Aliens, objectors, and Wobblies

This hook provides commentary on the lives of aliens, conscientious objectors, and Wobblies, all of whom were minority groups who received poor treatment by the government and its supporters. The voices, actions, and campaigns of these groups were suppressed to avoid debate on decisions of national interest and to ensure that the voice and views of the government were unopposed.


The Registration of Aliens Act … provides that all persons … who are non-British subjects must be regarded as aliens. Curious problems have been met in connection with the matter. An American man married a New Zealand lady. By her marriage, does the lady become an American, or does she remain a New Zealander? … A man who was born in London of a German father and a Scotch mother… has never been out of the British Empire … The court had declared him a German … [but] he is liable for military service as a Britisher.

Otago Daily Times, issue 17171, 26 November 1917, page 8. Sourced from Papers Past:

Conscientious objectors

Still image from Field Punishment No 1, Produced by Lippy Pictures (NZ) Ltd.(external link)

Still image from Field Punishment No 1, Produced by Lippy Pictures (NZ) Ltd.

There are always supporters and opponents of a country fighting a war. As a nation, New Zealand took a full part in the First World War … But there were people who opposed the war, for political, religious or moral reasons. Some of these people – conscientious objectors – paid a heavy price for their stance.

Sourced from the NZ History website at


During and immediately after the First World War, the New Zealand Government enforced a strict censorship regime due to fears of political and industrial unrest. The mail, literature and speeches of radicals – especially the Industrial Workers of the World (known as the Wobblies) – was under state scrutiny, and led to raids, arrests, and deportation of those deemed seditious.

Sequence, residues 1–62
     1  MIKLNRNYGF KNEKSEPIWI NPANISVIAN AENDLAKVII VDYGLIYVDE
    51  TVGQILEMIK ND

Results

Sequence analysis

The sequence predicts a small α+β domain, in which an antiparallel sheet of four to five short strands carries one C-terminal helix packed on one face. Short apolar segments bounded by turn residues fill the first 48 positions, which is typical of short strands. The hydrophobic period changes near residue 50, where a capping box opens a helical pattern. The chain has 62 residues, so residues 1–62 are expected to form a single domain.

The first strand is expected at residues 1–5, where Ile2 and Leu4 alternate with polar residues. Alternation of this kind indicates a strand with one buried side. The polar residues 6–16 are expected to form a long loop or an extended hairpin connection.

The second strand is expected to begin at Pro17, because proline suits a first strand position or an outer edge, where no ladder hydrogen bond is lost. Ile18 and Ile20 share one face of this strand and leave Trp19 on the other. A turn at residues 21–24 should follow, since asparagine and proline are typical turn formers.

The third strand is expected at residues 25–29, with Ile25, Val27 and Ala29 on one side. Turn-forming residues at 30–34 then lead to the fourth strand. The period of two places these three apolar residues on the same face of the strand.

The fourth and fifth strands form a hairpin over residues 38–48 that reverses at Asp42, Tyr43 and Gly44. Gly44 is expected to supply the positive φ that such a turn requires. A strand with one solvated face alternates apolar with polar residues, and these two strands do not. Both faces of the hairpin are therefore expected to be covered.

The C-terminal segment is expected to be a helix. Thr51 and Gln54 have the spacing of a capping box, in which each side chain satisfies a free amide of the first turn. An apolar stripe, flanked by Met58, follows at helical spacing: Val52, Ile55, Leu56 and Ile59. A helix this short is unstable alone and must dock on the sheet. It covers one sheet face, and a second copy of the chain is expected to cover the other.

Sourced from the National Library of New Zealand website at


Having a different perspective or viewpoint to that of most other people can be difficult. It can be even more difficult to speak out and let people know your perspective or viewpoint. During the war, the government was fearful that its decisions regarding the war were unpopular and so tried to isolate and silence anyone who might not fully support them. This happens in many countries, in peacetime and in war. The government exists to act on citizens’ behalf, and so it may be important to consider whether all individuals’ voices should be heard and the ways in which they are silenced.

People who had been living in New Zealand for many years, but who were born abroad, were called aliens and often treated with suspicion and distrust. It was assumed that they might have different perspectives on the war and might speak out or act to influence the government’s decisions. The voices of people who were born and raised in New Zealand, but disagreed with the war, were also silenced. Two groups who disagreed with the war were conscientious objectors and the Industrial Workers of the World or “Wobblies”. Conscientious objectors voiced social and religious beliefs that it is always wrong to kill others and that other ways to solve the conflict should be tried. Wobblies believed that the working classes were being sent to their deaths to fight someone else’s war and that the people who would benefit from the war should be the ones fighting.

It is interesting to consider whether all New Zealanders have an equal right to debate how the country’s resources are used and whether one group has the right to silence others in order to further their own views. The treatment of aliens, conscientious objectors, and Wobblies in the war invites discussion about the meaning and requirements of democracy and about the degree to which citizens should be allowed freedom of information, speech, movement, and action.

Possible discussion questions

  • Why might you feel unable or unwilling to disagree openly with the majority opinion? What might be the consequence of this?
  • In what circumstances is it acceptable to restrict citizens’ freedom of information, speech, and movement?
  • Why might people view war in different ways?
  • Whose voices were not heard during and after the First World War? Is this the same today?
  • What happened to those who chose not, or were unable, to fight? What would happen today?
  • V
  • Print.
  • Share.